Together Duke is pleased to announce the Duke Graduate Summer Academy, which offers online short courses that introduce Duke graduate students (both doctoral and masters) and postdoctoral fellows to skills, tools, and knowledge that augment their regular coursework/research. These short courses help emerging scholars prepare for high-level research, innovative teaching, leadership, and/or public engagement.

Courses in the Duke Graduate Summer Academy cover topics not typically included in a graduate curriculum, or that provide an intensive introduction for graduate students and postdoctoral fellows who might not have the time or inclination to pursue a full course in a subject. Instructors are Duke faculty members as well as highly trained Duke staff members.

The Graduate Summer Academy welcomes all doctoral and masters students at any stage of their studies and all postdoctoral fellows. There are no prerequisites for any of the courses.

Courses

The Duke Graduate Summer Academy Session II courses will be offered June 22 through July 10, 2020.

Each course meets for up to three hours per day for 1 – 2 weeks. Space permitting, participants may register for one (1) course. Waitlists will be used and students will be notified if they are moved from a waitlist to active course enrollment.

Courses are not for credit, but will appear on Duke graduate student transcripts. None of the offerings require prerequisites or assume areas of knowledge. Courses are offered online with synchronous and asynchronous elements. Instructors will emphasize interactive discussion and group activities/projects to maintain a high level of student engagement.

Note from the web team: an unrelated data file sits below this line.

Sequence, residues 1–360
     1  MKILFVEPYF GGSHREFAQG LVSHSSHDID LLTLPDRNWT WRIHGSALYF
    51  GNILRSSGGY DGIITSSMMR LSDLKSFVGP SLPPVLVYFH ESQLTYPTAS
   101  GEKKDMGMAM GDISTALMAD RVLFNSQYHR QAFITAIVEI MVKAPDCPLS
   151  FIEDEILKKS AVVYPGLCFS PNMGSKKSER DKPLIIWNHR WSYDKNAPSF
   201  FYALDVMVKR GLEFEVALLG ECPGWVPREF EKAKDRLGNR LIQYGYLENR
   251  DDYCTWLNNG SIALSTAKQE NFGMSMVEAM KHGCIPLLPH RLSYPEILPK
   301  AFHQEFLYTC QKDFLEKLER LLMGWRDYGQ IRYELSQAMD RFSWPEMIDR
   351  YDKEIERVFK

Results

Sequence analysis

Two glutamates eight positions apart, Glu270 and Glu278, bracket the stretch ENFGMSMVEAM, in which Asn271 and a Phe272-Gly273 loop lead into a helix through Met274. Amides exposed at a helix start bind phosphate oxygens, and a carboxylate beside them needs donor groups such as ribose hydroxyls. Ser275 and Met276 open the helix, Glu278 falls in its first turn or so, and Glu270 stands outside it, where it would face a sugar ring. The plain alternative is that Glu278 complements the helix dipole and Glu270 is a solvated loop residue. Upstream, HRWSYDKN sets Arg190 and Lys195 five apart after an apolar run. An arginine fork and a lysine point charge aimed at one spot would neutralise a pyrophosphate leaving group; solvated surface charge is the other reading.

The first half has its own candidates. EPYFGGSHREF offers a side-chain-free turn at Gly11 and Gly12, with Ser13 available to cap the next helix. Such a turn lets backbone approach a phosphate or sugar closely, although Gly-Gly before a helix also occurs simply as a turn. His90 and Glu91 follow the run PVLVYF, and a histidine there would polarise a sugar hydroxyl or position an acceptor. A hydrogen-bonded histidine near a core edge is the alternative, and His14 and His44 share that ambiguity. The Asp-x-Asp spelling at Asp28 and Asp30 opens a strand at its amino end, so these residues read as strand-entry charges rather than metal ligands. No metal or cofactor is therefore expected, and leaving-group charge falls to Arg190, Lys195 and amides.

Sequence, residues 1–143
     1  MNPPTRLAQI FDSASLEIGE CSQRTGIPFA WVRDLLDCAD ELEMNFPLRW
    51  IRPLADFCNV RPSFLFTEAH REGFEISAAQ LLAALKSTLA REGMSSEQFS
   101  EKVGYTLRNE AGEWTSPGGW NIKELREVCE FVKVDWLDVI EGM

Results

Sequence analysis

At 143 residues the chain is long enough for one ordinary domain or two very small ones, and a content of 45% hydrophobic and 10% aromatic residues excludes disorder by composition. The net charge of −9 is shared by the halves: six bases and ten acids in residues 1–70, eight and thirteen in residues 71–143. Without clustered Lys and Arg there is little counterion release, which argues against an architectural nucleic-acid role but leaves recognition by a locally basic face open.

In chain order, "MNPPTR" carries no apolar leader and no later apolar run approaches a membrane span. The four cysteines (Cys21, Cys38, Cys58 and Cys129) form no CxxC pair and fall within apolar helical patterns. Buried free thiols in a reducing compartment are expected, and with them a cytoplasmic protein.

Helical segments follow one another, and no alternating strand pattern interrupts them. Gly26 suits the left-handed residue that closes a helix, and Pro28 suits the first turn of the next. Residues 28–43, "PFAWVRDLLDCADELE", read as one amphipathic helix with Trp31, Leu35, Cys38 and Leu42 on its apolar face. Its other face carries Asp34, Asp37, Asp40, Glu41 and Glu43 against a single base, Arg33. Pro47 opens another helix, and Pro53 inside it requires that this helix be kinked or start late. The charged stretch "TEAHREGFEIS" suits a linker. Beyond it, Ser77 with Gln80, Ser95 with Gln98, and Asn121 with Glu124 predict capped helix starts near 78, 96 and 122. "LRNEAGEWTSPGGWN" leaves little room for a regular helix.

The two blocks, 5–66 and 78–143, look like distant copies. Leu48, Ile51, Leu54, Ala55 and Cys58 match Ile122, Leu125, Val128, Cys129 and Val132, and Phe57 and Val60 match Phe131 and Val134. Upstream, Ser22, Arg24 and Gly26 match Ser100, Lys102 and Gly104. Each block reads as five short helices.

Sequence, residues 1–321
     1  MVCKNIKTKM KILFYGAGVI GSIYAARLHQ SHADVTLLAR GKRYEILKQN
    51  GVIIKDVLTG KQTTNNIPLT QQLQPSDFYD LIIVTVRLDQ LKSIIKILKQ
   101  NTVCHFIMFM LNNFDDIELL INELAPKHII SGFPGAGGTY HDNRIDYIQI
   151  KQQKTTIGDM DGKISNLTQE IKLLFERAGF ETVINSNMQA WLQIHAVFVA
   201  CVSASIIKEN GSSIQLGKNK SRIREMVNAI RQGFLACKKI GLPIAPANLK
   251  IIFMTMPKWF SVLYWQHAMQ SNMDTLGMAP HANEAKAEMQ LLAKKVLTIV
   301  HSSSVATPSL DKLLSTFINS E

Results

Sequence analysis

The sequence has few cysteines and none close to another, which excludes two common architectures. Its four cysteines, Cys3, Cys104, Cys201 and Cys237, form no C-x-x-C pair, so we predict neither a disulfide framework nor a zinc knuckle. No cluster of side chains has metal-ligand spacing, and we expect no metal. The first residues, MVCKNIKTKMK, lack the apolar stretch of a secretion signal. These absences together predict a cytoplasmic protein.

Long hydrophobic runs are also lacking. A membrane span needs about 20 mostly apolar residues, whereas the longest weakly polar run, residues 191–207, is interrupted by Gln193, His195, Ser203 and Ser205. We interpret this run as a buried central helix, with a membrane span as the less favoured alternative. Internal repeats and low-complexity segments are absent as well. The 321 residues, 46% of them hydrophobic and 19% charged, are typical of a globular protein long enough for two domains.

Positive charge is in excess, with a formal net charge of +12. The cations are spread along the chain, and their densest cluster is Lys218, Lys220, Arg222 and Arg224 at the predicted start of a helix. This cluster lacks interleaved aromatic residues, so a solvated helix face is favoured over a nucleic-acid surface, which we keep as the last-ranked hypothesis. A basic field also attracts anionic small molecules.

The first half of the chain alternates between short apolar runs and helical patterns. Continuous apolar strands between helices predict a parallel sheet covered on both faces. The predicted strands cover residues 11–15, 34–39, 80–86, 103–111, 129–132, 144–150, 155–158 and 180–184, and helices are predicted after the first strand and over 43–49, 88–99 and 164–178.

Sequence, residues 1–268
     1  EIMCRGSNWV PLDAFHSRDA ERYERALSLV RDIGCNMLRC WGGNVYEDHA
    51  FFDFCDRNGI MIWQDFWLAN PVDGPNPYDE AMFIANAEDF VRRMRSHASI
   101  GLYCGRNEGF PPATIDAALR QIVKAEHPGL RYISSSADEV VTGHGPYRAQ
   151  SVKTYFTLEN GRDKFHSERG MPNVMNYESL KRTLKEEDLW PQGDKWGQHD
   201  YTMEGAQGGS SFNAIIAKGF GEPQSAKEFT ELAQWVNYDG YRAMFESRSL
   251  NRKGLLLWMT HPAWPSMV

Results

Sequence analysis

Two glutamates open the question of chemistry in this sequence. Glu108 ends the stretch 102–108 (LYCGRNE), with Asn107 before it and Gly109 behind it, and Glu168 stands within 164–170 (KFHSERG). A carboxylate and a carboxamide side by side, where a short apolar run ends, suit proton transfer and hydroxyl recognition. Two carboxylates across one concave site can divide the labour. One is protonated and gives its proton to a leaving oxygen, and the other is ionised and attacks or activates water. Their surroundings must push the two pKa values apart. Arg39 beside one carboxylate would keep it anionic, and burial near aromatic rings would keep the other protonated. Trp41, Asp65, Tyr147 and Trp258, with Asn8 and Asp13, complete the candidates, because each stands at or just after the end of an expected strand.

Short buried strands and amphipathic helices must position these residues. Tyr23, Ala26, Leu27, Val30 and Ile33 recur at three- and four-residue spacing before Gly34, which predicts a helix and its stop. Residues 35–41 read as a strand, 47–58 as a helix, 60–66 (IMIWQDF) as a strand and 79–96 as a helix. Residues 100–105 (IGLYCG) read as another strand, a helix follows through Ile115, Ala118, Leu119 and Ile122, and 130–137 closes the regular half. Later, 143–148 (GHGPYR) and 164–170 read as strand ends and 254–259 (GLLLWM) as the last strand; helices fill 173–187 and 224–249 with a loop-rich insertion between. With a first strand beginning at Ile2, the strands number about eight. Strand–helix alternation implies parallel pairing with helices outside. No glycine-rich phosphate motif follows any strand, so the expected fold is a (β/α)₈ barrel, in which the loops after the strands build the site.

Cost

There will be no cost for Duke participants.

Location

All Graduate Summer Academy classes meet online/virtually. Individual class schedules are noted in the course descriptions. Meeting details will be confirmed by email or through the Graduate Summer Academy Sakai site.

Registration

Registration is open June 8 to June 17 at noon.

Please see the registration page. For help or for more information, contact Amy Feistel at amy.feistel@duke.edu.

Participation, Eligibility, and Enrollment

Participation in the Duke Graduate Summer Academy is open to Duke doctoral students, including Duke law and medical students, postdocs, and master’s students with space filled on a first-come, first-served basis during the registration window detailed above.

Course participation will appear on Duke graduate students’ transcripts. Most classes will enroll 30 students, although some classes may be smaller or larger. Classes with fewer than 8 enrolled students will be canceled.

Contact and Additional Information

For questions regarding the Duke Graduate Summer Academy, please contact Amy Feistel at amy.feistel@duke.edu. Visit strategicplan.duke.edu/graduate-summer-academy for answers to frequently asked questions. We offer the following reflections from past participants: